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Precise chronology of the last interglacial period: ^(234)U-^(230)Th data from fossil coral reefs in the Bahamas

Chen, J. H. and Curran, H. A. and White, B. and Wasserburg, G. J. (1991) Precise chronology of the last interglacial period: ^(234)U-^(230)Th data from fossil coral reefs in the Bahamas. Geological Society of America Bulletin, 103 (1). pp. 82-97. ISSN 0016-7606. doi:10.1130/0016-7606(1991)103<0082:PCOTLI>2.3.CO;2.

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A detailed study of ^(238)U-^(234)U-^(230)Th ages was made for different coral species from two Bahamian reefs to determine the time scale of the sea-level high during the last interglacial period, using recently developed mass spectrometric techniques for the measurement of U and Th isotopes. Thirty-seven coral samples were analyzed in replicate. Typical errors at 125 ky are ±1.5 ky (2σ), and 3-ky time intervals appear to be well resolved. This high precision permits detailed chronologic study with time resolution adequate to define stages of the reef's history. These data demonstrate that the time between transgression and regression of the ocean in the last interglacial was about 12 ky, after which sea level fell rapidly at more than ∼2 m/ky. The high sea-level stand began possibly by 132 ky and certainly by 129 ky ago, when sea level reached ∼6 m above present mean low sea level. High sea level was sustained until 120 ky and then fell rapidly. This time period covers the Milankovitch insolation peak at 65°N but is not sharply defined, and the sea-level high lasted from about 4 ky before the insolation peak to 8 ky after it. We find no evidence for a double peak of sea-level rise in the last interglacial episode (that is, high stands at both ∼125 and 142 ky). There appears to be some discrepancy between this precise chronology for a coral reef on a tectonically stable platform and the chronology assigned to deep-sea sediments. The present results show that the duration of the last interglacial led to a 12-ky period of high sea-level stand which is much longer than the insolation peak. The study area consists of two sizeable bank/barrier coral reefs of Sangamon age that crop out along the coast northwest of Cockburn Town on San Salvador Island and at Devil's Point on Great Inagua Island. The initial stage of reef development is not revealed at either site, but the main parts of both reefs are well preserved. At Cockburn Town, the beginning of the reef was marked by colonization of Acropora palmata on hardground areas and possibly other corals at 132 ky ago. Patch reefs at the southeastern flank of the developing reef were growing by 129 to 126 ky ago. By 126 to 123 ky ago, the crest of the reef was formed by the frame-building coral A. palmata, and associated patch reefs flourished along its flanks. A. palmata coral heads grew upward to a mean low sea level ∼6 m above the present one. The reef began to decline as sea level dropped at about 123 to 120 ky ago. Near two measured profiles at Devil's Point, the top of a rubblestone, dominated by A. cervicornis, and patch-reef corals preserved in growth position have been beveled off and represent an ancient wave-cut surface. ^(230)Th ages on corals below and above this surface indicate that it was cut at about 125 ± 1 ky ago.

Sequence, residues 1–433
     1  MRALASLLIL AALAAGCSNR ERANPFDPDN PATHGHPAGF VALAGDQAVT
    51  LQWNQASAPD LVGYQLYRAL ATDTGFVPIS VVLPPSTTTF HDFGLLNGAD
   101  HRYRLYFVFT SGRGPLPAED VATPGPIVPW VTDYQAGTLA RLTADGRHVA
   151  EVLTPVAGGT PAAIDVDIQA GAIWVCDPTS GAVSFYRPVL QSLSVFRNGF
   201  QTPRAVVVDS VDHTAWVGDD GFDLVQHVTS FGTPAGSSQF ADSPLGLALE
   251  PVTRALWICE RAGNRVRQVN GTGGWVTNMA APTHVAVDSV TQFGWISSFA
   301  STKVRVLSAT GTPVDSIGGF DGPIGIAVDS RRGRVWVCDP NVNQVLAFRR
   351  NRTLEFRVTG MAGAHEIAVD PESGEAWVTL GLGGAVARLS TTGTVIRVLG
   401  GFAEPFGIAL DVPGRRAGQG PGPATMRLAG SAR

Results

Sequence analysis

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Wasserburg, G. J.0000-0002-7957-8029
Additional Information:© 1991 Geological Society of America. Manuscript received by the Society January 17, 1990. Revised Manuscript received June 19, 1990. Manuscript Accepted June 25, 1990. We are grateful to Dr. Donald T. Gerace, director of the Bahamian Field Station, for providing accommodations and transportation for field work on San Salvador Island. We are particularly grateful to A. G. Sylvester (editor), J. T. Hollin, R. L. Edwards, and an anonymous reviewer for constructive suggestions. Philosophical and technical advice from D. A. Papanastassiou is gratefully acknowledged. Funding of this work was partially supported by National Science Foundation Grant OCE87-21774 to Wasserburg and Chen. Petroleum Research Fund grants from the American Chemical Society to both Curran and White partially supported field work for this study.
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American Chemical Society Petroleum Research FundUNSPECIFIED
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Caltech Division of Geological and Planetary Sciences 4819
Lunatic Asylum Lab652
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Official Citation: J. H. CHEN, H. A. CURRAN, B. WHITE, and G. J. WASSERBURG Precise chronology of the last interglacial period: 234U-230Th data from fossil coral reefs in the Bahamas Geological Society of America Bulletin, January, 1991, v. 103, no. 1, p. 82-97, doi:10.1130/0016-7606(1991)103<0082:PCOTLI>2.3.CO;2
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ID Code:42126
Deposited By: Ruth Sustaita
Deposited On:30 Oct 2013 18:41
Last Modified:10 Nov 2021 16:18

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